Mission Impossible Schedule: Friday, 7 p.m. Saturday and Sunday, 2 and 7 p.m.

Rated: PG-13. Time: 2 hour 12 minutes.

Movie Synopsis: With the IMF disbanded, and Ethan (Tom Cruise) out in the cold, the team now faces off against a network of highly skilled special agents, the Syndicate. These highly trained operatives are hellbent on creating a new world order through an escalating series of terrorist attacks. Ethan gathers his team and joins forces with disavowed British agent Ilsa Faust (Rebecca Ferguson), who may or may not be a member of this rogue nation, as the group faces their most impossible mission yet.

SRMC board returns loan forbearance document issued by city asking for adjustments

Sumner Newscow local news report

by James Jordan, Sumner Newscow — The City of Wellington has asked the hospital to sign a “loan forbearance document” which spells out the debt and repayment of money the city feels it is owed at a SRMC meeting held this morning.

The city advanced the hospital almost $900,000 in 2014, and the hospital has not been paying utility bills for some time.

After some discussion at their monthly meeting Thursday morning, health care authority board sent the agreement back to the city with some adjustments requested.

The city says the hospital owes it $1.3 million, which includes $130,000 in utility bills, and would like to have a due date of Dec 31 of this year and charge 3 percent interest. The city will also make bond payments and future utility bills will be added.

Board attorney Doug Pfalzgraf said he was concerned about the due date and the interest rate.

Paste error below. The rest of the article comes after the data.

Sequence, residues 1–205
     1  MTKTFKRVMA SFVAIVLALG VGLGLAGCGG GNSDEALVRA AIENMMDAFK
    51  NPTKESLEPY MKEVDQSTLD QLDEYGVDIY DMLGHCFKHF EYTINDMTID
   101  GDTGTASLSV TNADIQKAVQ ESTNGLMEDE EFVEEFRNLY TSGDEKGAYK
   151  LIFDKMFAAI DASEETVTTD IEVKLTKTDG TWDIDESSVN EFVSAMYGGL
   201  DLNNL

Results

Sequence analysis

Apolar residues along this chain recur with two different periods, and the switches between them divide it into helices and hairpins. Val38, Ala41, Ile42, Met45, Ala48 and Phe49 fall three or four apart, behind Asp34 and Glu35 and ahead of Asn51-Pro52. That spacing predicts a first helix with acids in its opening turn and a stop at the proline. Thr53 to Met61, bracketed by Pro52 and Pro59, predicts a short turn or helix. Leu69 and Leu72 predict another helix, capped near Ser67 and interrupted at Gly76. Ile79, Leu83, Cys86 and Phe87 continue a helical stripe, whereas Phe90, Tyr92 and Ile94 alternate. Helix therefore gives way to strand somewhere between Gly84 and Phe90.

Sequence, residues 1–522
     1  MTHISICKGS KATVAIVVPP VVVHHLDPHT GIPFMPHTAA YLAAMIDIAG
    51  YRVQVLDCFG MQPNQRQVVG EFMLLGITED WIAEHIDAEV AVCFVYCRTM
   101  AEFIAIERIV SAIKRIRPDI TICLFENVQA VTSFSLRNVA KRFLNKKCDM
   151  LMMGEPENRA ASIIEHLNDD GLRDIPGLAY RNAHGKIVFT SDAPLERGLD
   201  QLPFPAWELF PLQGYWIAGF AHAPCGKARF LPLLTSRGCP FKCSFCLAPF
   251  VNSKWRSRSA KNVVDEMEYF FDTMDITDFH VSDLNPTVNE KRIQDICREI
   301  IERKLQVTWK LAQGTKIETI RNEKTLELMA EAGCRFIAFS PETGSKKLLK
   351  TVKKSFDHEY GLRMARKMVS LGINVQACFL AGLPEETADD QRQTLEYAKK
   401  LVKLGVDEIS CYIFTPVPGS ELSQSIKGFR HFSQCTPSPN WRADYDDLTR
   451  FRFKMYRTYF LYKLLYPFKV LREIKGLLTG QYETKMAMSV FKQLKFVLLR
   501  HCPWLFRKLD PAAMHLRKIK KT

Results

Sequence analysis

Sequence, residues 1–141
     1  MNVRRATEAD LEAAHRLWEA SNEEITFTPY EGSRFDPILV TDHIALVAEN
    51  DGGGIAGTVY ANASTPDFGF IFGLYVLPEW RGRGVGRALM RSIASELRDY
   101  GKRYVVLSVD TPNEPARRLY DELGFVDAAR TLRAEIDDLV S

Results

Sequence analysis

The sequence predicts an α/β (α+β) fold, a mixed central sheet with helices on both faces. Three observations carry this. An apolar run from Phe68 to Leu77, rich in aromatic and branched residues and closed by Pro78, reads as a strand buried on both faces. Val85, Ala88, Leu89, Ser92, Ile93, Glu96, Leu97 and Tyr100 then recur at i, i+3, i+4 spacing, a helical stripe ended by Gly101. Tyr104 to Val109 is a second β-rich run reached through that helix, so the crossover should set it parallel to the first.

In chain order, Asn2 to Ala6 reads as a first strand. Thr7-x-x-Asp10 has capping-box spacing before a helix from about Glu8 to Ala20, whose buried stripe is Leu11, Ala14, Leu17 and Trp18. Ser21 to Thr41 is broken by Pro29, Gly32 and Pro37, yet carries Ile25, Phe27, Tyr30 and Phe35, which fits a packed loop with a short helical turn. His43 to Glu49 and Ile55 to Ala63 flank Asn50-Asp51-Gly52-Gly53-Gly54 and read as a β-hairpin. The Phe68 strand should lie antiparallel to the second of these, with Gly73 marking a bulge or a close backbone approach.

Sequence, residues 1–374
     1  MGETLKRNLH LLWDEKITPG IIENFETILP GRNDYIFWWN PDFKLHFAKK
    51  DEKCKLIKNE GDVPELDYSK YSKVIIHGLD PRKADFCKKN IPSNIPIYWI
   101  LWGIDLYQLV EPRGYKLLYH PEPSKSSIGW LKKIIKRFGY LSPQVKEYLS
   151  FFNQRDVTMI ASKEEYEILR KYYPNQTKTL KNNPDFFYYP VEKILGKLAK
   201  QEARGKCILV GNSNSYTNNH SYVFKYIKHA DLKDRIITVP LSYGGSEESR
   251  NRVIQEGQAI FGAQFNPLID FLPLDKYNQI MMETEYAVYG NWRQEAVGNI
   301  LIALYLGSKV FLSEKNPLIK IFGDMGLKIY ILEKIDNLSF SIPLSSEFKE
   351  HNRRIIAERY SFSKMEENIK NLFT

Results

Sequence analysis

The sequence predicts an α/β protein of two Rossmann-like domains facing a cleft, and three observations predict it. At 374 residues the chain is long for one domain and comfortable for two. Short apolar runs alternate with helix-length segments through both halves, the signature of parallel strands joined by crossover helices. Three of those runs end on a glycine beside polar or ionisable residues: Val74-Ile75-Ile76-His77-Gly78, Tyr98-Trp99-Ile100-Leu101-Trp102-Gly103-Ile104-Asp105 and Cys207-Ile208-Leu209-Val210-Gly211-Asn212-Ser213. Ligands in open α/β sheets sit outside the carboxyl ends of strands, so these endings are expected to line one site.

“There is zero chance the hospital will be able to pay anything by the end of the year,” he said, and he advised against signing an agreement they knew they would default on.

Klinedinst resigns from SRMC Health Care Authority Board after being appointed a few months earlier

Sumner Newscow news report

by James Jordan, Sumner Newscow — City officials are looking for a new member for the Health Care Authority Board the group that is in charge of the Sumner Regional Medical Center in Wellington.

At Tuesday night’s meeting it was announced that Tami Klinedinst had resigned from the board. She was appointed just a few months ago. She ran for mayor in the last election and wanted to be involved in the community.

Tami Klinedist

Tami Klinedinst

Klinedinst is a director at Wellington Health and Rehab, a long-term healthcare facility.

Klinedinst said she had to make a “hard personal choice,” why she chose to resign. She said she needed to devote more time to her job and to her son, who is 11.

She said she felt like she had let people down by resigning, but she felt she needed to make that decision.

Applications will be accepted through September 3 by the city. 

The term runs through April 30, 2017, and people would be applying to fill the remainder of the term. The city council will consider applicants and choose one to serve on the board. If there are no applicants, or if the city wants more applications, the deadline may be extended.

Wellington High School Cumulative Fall Sports Schedule:

Sumner Newscow Calendar sports

Sumner Newscow report — The 2015 Wellington High School fall sports schedules for football, girls tennis, girls volleyball and cross country are as follows. Don’t forget about the Crusader Club Football scrimmage on August 27.

We will have Wellington Middle School schedules soon.

Wellington City Council passes 2016 Budget with 3-mill increase

Wellington City Council Roundup